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Employee Rights Attorney in California & Washington Employee Rights Attorney in California & Washington

Employee Rights Attorney in California & Washington

As an employee, you have rights. Labor laws protect you from unfair and unlawful labor practices. It doesn’t matter what industry you work in. Or what type of worker you are classified as.

If you have been treated unfairly,
Malk Law Firm can help.

Our Process

Our Process


First, your assigned legal team will gather records related to your claim, including your contract, time sheets, and communications via email or other work-related platforms.

These documents will help your attorney understand the extent of your claim and build your case for compensation.


Your attorney and legal team will investigate your workplace claim in great detail to gather the necessary evidence.

They will look at the documents you provide and may also look at employment records, contracts, and other workplace data.


Your attorney will negotiate with the defense, outside of the courtroom, to help get you the compensation you may be entitled to.

If settlement negotiations are unsuccessful, your attorney is prepared to go to trial and present your case in the strongest possible form.

Our Process

Sylvia Herbozo, Our Client

I feel very fortunate that Michael took on my case. He saw the injustice that I experienced and did everything possible to support me. He advocated for me in ways that I hadn’t considered would be necessary. Michael also involved me in all decisions and truly valued my input. Equally important, he always showed compassion and understood how hard pursuing a lawsuit can be on a client. He made it clear that we are in this together. I could not have asked for a better lawyer and advocate.

I feel very fortunate that Michael took on my case. He saw the injustice that I experienced and did everything possible to support me.


Practice Areas

Practice Areas

Know Your Rights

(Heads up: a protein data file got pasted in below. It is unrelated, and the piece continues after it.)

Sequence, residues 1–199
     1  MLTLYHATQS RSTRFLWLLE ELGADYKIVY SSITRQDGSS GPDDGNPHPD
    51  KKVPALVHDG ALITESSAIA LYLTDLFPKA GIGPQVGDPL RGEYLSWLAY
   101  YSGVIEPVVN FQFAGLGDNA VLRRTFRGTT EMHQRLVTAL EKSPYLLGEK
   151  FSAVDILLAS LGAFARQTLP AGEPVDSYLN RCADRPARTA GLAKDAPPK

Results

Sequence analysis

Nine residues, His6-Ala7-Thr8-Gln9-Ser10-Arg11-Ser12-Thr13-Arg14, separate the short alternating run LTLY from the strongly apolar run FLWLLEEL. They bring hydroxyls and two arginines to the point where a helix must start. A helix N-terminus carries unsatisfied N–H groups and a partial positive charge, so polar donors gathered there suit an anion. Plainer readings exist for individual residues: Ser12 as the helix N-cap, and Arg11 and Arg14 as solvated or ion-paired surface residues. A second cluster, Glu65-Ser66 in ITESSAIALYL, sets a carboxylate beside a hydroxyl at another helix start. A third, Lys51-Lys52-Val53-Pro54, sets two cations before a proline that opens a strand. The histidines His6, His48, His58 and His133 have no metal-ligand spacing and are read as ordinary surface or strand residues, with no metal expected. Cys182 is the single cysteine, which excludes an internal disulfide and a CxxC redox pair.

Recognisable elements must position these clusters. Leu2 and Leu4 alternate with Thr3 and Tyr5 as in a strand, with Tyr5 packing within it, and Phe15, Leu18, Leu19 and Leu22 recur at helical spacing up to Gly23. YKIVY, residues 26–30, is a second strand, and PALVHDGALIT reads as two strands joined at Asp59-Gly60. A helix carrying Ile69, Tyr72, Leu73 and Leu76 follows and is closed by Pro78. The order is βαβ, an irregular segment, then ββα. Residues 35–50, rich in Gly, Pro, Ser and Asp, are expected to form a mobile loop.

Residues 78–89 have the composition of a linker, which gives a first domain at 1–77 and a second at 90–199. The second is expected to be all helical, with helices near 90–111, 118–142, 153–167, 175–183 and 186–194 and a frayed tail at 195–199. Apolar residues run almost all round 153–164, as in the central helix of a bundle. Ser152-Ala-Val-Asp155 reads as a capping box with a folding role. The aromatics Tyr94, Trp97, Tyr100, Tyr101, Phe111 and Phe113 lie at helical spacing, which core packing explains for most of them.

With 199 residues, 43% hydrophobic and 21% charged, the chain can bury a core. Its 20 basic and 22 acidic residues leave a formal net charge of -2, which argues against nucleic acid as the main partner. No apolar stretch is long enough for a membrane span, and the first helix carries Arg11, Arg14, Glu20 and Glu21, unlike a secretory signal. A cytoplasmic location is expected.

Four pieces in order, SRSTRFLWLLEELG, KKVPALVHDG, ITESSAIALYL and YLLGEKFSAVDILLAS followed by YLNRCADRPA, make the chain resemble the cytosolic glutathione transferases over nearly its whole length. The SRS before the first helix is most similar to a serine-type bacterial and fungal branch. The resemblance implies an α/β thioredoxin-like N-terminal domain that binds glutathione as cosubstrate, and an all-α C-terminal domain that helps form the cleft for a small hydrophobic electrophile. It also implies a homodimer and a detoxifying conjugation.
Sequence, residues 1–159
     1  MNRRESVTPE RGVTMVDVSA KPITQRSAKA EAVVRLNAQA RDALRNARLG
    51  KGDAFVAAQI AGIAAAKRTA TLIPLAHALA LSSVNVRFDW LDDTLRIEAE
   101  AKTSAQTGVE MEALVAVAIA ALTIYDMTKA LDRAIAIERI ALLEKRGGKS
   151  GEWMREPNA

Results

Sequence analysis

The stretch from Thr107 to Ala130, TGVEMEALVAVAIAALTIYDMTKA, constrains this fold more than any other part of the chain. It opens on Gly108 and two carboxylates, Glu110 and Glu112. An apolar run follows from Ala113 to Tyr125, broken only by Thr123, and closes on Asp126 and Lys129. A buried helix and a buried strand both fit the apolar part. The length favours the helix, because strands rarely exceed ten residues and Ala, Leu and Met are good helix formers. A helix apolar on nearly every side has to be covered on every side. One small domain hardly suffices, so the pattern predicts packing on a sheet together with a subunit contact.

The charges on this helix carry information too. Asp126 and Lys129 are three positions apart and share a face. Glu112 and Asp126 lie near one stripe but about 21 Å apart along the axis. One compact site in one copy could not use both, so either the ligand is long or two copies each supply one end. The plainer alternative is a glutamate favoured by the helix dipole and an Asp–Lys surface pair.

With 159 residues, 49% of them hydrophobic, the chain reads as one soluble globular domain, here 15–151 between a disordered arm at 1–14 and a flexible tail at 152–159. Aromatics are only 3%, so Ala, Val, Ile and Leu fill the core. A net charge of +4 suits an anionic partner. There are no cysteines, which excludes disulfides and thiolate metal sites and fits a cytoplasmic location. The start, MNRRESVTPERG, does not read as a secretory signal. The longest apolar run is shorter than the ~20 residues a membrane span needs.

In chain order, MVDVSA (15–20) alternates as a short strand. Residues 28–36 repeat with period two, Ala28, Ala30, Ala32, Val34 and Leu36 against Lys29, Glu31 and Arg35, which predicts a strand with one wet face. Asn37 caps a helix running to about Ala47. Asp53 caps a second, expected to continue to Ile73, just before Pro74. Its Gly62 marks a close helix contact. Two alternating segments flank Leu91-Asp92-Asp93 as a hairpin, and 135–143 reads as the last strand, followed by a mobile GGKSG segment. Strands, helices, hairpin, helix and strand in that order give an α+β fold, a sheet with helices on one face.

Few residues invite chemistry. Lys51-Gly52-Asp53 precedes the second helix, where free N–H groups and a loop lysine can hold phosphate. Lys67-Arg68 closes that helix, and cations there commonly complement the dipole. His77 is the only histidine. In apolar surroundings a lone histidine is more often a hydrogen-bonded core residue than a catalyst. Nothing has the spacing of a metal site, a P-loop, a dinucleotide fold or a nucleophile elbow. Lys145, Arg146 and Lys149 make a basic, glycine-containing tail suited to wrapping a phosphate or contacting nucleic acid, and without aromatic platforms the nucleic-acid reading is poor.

• Age Discrimination (ADEA)
  • Child Labor Laws
  • Disability Discrimination (ADA)
  • Discrimination Laws
  • Employment / Age Certification
  • Fair Labor Standards Act (FLSA)
  • Family/Medical Leave (FMLA)
  • Breastfeeding Mothers
  • Labor Laws (NLRA)
  • Leave Laws
  • Mass Layoffs (WARN)
  • Meals and Breaks
  • Minimum Wage
  • Minimum Wage for Tipped Employees
  • Overtime
  • Health and Safety (OSHA)
  • Payday Requirements
  • Prevailing Wages
  • Required Postings
  • State Labor Offices
  • Wage Payment
  • Unemployment
  • Vacation Leave

What our clients say

Justina Salma


Mr Malk its absolutely awesome, he is very attentive and compassionate, he has a good understanding of the issues and he is very honest regarding the outcome, I truly recommend him 👍

Justina Salma

Frequently (un)asked questions

Simply put, labor and employment laws cover your rights in the workplace. Here are some examples:

  • Employers are prohibited from discriminating or retaliating against employees.
  • There are requirements for compensation relating to meal breaks, overtime, minimum wage, etc.
  • Employers must do everything in their power to provide a working environment that is safe from hazards AND harassment.

When an employee is fired from their job unlawfully, it’s referred to as wrongful termination. We commonly see cases where an employer has fired someone in a discriminatory manner or in retaliation to an employee who was doing what they felt was the right thing.

Although there have been strict laws against workplace discrimination for years, it’s still a prevalent issue. Here are some of the most common forms:

  • Racial Discrimination
  • Age Discrimination
  • Gender Discrimination
  • Disability Discrimination
  • Sexual Orientation Discrimination

Harassment is a form of employment discrimination that violates Title VII of the Civil Rights Act of 1964, the Age Discrimination in Employment Act of 1967, (ADEA), and the Americans with Disabilities Act of 1990, (ADA).

Petty slights, annoyances, and isolated incidents (unless extremely serious) will not rise to the level of illegality. To be unlawful, the conduct must create a work environment that would be intimidating, hostile, or offensive to reasonable people.

Harassment in the workplace can be a complex topic for both employees and employers to deal with. Here are some tips to help ensure you taking the proper steps and protecting yourself along the way:

  1. Document what happened – Record when the harassment occurred, where it took place, who was involved, and how you reacted to the situation.
  2. Reach out to HR – If you feel comfortable doing so, reach out to a manager or your HR department to discuss your options. Allow them to rectify things internally.
  3. Seek legal advice – If the harassment isn’t getting resolved or you fear being retaliated against, reach out to a lawyer for guidance.
Washington California